Sunday, 20 August, 2017

Yemen: African migrants thrown into the sea

A boat full of migrants A boat full of migrants
Lillian Steele | 11 August, 2017, 00:41

According to IOM figures, 55,000 African asylum seekers have travelled from Somalia to Yemen since the start of this year.

Only five bodies have been recovered from Thursday's incident, with 50 reported missing, presumed dead.

Despite the conflict, migrants still seek transit through Yemen, often towards its land border with Saudi Arabia.

The UN estimates that Yemen -where a cholera epidemic has already been more than 1,900 deaths- is the scene of "the most severe humanitarian crisis in the world". This spring, Somali President Mohamed Abdullahi Farmajo declared the drought a national disaster. Migrants, a lot of them Ethiopians, try to make their way to oil-rich Gulf countries in hopes of finding jobs. We see it on other routes as well. The suffering of migrants on this migration route is enormous.

More than 111,500 migrants landed on Yemen's shores last year, up from about 100,000 the year before, according to the Regional Mixed Migration Secretariat, a grouping of global agencies that monitors migration in the area.

The average age of passengers on the boat was 16, it added.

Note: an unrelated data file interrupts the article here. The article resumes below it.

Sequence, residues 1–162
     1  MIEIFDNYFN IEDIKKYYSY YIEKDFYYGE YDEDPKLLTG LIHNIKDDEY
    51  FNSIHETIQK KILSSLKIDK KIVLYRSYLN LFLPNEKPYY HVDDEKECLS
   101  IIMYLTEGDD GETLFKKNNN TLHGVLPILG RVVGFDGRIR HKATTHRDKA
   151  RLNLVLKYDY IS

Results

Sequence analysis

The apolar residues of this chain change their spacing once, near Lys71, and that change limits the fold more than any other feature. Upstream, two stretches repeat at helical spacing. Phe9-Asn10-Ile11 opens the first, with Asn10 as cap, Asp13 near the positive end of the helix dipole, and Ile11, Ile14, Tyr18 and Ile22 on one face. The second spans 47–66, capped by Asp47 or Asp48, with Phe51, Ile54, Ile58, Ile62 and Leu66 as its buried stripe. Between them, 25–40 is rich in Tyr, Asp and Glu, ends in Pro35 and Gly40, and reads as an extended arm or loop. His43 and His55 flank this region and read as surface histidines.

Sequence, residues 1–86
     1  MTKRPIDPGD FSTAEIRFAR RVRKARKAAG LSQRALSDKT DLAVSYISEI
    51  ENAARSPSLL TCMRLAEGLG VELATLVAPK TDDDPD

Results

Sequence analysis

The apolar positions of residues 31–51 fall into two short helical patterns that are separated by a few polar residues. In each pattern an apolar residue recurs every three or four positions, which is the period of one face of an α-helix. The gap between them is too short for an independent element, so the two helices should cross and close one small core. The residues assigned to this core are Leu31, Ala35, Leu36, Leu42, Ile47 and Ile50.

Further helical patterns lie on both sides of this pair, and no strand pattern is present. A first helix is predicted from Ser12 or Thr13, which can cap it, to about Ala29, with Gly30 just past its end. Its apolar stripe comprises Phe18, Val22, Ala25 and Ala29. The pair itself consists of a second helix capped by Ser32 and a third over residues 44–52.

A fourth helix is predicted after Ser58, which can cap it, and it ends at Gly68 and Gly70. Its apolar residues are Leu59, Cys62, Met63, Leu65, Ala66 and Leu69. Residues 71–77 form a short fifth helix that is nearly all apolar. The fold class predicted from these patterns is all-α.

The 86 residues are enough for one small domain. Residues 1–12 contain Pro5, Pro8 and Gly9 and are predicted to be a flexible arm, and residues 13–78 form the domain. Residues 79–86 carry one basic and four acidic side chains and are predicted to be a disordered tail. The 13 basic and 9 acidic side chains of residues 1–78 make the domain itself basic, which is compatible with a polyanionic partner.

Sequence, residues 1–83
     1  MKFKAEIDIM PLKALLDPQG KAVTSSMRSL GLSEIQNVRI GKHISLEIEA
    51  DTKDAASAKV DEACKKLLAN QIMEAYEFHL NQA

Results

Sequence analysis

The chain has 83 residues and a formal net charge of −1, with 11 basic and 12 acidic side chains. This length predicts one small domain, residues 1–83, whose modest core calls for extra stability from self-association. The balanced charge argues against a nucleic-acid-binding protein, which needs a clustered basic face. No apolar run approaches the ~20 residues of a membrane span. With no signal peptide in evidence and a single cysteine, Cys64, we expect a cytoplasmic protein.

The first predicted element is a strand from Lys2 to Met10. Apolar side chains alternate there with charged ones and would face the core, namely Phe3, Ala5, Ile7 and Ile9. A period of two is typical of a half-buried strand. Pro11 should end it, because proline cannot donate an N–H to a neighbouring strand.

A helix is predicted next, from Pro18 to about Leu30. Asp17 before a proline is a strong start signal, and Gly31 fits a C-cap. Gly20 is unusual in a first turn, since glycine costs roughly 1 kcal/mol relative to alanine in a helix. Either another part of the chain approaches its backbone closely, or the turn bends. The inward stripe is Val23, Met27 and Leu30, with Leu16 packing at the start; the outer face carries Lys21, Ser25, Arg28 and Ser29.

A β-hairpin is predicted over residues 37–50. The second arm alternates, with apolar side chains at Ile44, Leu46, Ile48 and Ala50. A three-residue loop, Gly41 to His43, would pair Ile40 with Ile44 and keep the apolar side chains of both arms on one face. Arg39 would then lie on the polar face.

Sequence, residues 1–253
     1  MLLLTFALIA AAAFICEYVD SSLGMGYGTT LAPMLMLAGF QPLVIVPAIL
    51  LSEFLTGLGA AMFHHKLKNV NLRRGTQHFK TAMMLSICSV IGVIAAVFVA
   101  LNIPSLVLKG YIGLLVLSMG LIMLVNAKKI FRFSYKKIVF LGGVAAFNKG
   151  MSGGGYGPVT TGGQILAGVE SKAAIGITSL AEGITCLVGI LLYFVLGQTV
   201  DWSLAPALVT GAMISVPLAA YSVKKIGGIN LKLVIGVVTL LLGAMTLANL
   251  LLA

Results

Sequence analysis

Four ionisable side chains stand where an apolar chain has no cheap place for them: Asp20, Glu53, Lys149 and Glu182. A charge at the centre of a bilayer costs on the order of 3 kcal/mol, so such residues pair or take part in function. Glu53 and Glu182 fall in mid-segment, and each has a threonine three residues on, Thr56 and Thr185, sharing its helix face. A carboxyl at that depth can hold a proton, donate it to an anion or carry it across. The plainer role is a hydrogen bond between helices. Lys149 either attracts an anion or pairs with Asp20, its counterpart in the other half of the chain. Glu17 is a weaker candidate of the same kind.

According to survivors' testimonies, the smuggler pushed them to the sea after he saw men he perceived as "authority types". Those who died were buried by the survivors who made it to Yemen.

People who survived the traumatic ordeal reported to authorities that human smugglers forced them into the sea just before reaching Yemen's shores.

At least 22 migrants are still missing. More than 30,000 of those were under 18. "Smugglers are active in the Red Sea and the Gulf of Aden, offering fake promises to vulnerable migrants".

Why is war-torn Yemen part of the refugee or migrant route?

But most get caught in the conflict before reaching the promises of jobs in the Gulf, Headon says.

In this photo provided on Friday Feb. 14, 2014 by World Press Photo, the World Press Photo of the Year 2013 by John Stanmeyer, USA, VII for National Geographic, shows African migrants on the shore of Djibouti city at night, raising their phones in an attempt to capture an cheap signal from neighboring Somalia in Djibouti City, Djibouti, Feb. 26, 2013.

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